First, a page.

Course detail

Binary Code Analysis

FIT-IANAcad. year: 2020/2021

This course deepens the knowledge and skill obtained in the course of Machine level programming (ISU) and in the course of Operating systems (IOS) with the main goal of allowing the students to understand the image of a crashed system (the so-called crash dump). Knowledge of programming on the level of assembler and application binary interfaces (ABI) is applied on a real Unix operating system. Within the course, various binary files used in the system are discussed, including their structure and their disassembled contents. The course involves a detailed study of compiler output from the point of view of linkage and run of system code as well as a discussion of differences and relations among various processor architectures, compilers, and application binary interfaces. Next, the course presents selected concepts typical for kernel-level programming whose deep knowledge is necessary for analysing the functionality of an operating system kernel. These concepts include, among others, details of interrupt processing, task queues, process/thread synchronisation and memory management inside the kernel, i.e., the so-called SLAB allocator. Knowledge obtained in this way is used as a basis for presenting possibilities of monitoring the behaviour of an operating system on the binary level during its run as well as analysis of images of system memory after a system crash (crash dump analysis). In both cases, usage of tools shipped within common Unix distributions is accented.

Learning outcomes of the course unit

Practical experience with analysing the image of system memory after a system crash (crash dump analysis). Knowledge of the structure of binary files used in Unix systems (ELF). Understanding differences and relations between processors architectures, compilers, and ABI standards. Students who successfully pass the course will further be able to monitor the run of an operating system on a binary level during its runtime too.
Improved knowledge in the areas of operating systems, machine languages, and debugging and analysis.

Prerequisites

Proficiency in C language, x86 assembly code, understanding of operating system principles, practical experience with Unix systems.

Co-requisites

Not applicable.

Recommended optional programme components

Not applicable.

Recommended or required reading

Intel Corporation: Intel 64 and IA-32 Architectures Software Developer Manuals, 2015.
Matz, M., Hubicka, J., Mitchell, M.: System V Application Binary Interface, AMD64 Architecture Processor Supplement, 2013.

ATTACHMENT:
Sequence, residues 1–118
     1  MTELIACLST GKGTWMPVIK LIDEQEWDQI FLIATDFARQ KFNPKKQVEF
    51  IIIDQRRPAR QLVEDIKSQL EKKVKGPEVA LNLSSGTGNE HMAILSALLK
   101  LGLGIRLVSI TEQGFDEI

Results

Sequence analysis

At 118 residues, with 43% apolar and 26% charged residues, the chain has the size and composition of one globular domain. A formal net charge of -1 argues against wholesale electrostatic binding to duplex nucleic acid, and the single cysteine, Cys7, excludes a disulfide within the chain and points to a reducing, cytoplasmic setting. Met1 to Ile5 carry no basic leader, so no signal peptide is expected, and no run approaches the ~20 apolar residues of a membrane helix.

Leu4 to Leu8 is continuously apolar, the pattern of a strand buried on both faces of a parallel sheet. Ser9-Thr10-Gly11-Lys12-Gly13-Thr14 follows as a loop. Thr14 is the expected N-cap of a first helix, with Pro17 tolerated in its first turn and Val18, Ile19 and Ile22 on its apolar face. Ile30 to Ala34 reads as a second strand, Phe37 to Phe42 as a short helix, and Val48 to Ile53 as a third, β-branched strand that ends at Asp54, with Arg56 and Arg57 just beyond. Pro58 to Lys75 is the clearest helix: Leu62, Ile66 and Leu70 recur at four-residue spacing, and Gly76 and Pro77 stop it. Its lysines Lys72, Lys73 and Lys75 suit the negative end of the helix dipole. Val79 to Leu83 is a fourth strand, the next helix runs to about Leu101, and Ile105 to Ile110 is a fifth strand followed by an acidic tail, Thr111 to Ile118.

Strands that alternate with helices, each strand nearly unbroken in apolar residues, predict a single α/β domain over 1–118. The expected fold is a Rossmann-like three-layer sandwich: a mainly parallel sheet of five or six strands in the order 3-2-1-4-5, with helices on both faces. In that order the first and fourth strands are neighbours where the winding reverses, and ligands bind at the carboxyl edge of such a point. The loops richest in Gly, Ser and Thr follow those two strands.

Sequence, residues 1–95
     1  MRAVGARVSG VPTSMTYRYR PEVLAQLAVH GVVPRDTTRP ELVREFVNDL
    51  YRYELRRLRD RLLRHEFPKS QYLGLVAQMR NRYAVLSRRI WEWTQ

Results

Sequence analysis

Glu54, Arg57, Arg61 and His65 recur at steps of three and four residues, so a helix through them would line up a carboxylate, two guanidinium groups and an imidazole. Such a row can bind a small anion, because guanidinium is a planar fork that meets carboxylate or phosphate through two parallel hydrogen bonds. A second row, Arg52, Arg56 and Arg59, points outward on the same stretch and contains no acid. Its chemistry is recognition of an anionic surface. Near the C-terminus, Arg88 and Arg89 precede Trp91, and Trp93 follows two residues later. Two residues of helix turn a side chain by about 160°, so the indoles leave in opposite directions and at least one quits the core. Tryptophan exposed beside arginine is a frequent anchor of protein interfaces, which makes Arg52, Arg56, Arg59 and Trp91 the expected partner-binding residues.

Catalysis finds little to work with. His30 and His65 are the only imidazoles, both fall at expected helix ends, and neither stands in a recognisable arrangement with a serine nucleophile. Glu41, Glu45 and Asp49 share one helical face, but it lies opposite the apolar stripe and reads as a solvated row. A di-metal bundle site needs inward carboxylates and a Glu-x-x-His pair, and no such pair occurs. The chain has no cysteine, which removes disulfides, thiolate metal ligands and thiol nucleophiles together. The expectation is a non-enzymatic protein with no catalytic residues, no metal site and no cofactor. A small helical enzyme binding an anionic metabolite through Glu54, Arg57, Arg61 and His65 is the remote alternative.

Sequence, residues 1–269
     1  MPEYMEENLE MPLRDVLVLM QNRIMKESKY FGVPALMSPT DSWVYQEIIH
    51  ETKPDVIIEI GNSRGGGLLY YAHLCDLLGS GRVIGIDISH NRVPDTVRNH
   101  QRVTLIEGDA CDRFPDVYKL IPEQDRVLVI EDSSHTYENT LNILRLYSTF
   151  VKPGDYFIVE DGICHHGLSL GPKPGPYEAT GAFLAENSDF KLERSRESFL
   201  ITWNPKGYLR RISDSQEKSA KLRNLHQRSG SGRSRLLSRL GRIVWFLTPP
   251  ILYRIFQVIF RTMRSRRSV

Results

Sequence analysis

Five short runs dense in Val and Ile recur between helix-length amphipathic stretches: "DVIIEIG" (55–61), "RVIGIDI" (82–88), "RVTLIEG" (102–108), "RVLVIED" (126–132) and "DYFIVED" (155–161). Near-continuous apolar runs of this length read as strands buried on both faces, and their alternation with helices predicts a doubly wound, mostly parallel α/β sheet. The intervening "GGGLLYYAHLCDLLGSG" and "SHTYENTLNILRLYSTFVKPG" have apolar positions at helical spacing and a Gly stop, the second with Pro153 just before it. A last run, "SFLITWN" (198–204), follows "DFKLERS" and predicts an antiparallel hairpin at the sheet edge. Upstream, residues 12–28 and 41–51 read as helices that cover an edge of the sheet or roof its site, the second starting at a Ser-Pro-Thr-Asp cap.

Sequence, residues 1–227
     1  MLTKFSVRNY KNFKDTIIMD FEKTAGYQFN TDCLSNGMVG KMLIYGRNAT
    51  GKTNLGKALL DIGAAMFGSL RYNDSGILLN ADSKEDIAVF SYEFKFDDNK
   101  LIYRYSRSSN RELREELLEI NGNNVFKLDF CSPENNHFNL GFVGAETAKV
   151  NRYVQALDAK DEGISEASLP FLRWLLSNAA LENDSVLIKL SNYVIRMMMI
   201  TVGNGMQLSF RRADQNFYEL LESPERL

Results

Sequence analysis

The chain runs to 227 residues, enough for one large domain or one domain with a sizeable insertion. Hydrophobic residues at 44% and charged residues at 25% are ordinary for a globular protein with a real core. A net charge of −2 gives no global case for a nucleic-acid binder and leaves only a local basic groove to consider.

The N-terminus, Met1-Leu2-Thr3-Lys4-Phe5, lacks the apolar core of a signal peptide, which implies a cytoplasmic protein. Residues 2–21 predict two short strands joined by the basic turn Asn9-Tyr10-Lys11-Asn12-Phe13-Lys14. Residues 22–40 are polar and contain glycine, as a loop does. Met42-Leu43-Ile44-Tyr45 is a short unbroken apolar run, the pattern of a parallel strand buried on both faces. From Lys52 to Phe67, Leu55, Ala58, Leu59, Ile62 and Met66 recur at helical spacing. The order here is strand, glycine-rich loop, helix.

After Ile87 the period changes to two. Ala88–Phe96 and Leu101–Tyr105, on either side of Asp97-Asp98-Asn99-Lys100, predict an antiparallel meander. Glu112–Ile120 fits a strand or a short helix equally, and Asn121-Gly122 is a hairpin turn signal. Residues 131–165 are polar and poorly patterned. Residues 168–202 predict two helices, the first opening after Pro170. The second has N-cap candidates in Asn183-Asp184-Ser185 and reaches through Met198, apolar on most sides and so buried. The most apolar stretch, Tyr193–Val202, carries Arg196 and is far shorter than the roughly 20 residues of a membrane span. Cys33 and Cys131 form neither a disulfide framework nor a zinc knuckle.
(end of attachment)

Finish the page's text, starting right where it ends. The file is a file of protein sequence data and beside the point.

Ljubuncic, I.: Linux Kernel Crash Book, 2011.
Ljubuncic, I.: Linux Kernel Crash Book, 2011.
Drake, C., Brown, K.: Panic! UNIX System Crash Dump Analysis, Prentice Hall, 1995.
Drake, C., Brown, K.: Panic! UNIX System Crash Dump Analysis, Prentice Hall, 1995.
Hofmann, F.: The Solaris Operating System on x86 Platforms, Crashdump Analysis, Operating System Internals, 2005.
Hofmann, F.: The Solaris Operating System on x86 Platforms, Crashdump Analysis, Operating System Internals, 2005.

Planned learning activities and teaching methods

Not applicable.

Assesment methods and criteria linked to learning outcomes

Projects will be evaluated based on technical reports with a detailed description of the root cause. The reports must be submitted by their deadlines, late submissions will be evaluated by 0 points.
Exam prerequisites:
To successfully pass the course, a student needs to get at least 50 points in total out of which at least 24 points must be obtained from the projects and at least 16 points from the final test.

Language of instruction

Czech, English

Work placements

Not applicable.

Aims

The goal is to acquaint students with the operation of modern Unix operating systems on a level close to the binary code and with available tools for observing the behaviour of such systems, including, in particular, their post-mortem analysis.

Specification of controlled education, way of implementation and compensation for absences

The obtained knowledge of students is examined through three projects (3x 20 points) and through a final written test (40 points).

Classification of course in study plans

  • Programme BIT Bachelor's, 2. year of study, summer semester, 4 credits, elective

  • Programme IT-BC-3 Bachelor's

    branch BIT , 2. year of study, summer semester, 4 credits, elective

Type of course unit

 

Lecture

14 hours, optionally

Teacher / Lecturer

Syllabus

  1. Introduction. Code compilation and linking. Understanding the ELF file format.
  2. Dynamic linking and running code. Dynamic relocations and interpreter. PIC, ASLR, PIE, linker script. DWARF debug symbols.
  3. Computer architectures in general, registers, stack operations. Memory segmentation, paging.
  4. The x86 and x86_64 architectures. System V ABI. Compiler and stack optimizations. The ARM architecture.
  5. Live kernel tracing: strace, ltrace, SystemTap, ftrace, perf.
  6. BPF (Berkeley Packet Filter), eBPF and its usage in kernel tracing. BCC, bpftrace.

Exercise in computer lab

12 hours, compulsory

Teacher / Lecturer

Syllabus

  1. Decomposition of an ELF binary file, decoding its sections, and code disassembling.
  2. Program execution tracing using strace, ltrace, gdb.
  3. Using the crash(1) tool on Linux.
  4. Crash dump analysis of a Linux system.
  5. System tracing using SystemTap and ftrace.
  6. Tracing and analysis of system deadlocks.

Project

13 hours, compulsory

Teacher / Lecturer

Syllabus

  1. ELF file analysis.
  2. Analysis of a crash dump.
  3. Monitoring of a running system using SystemTap.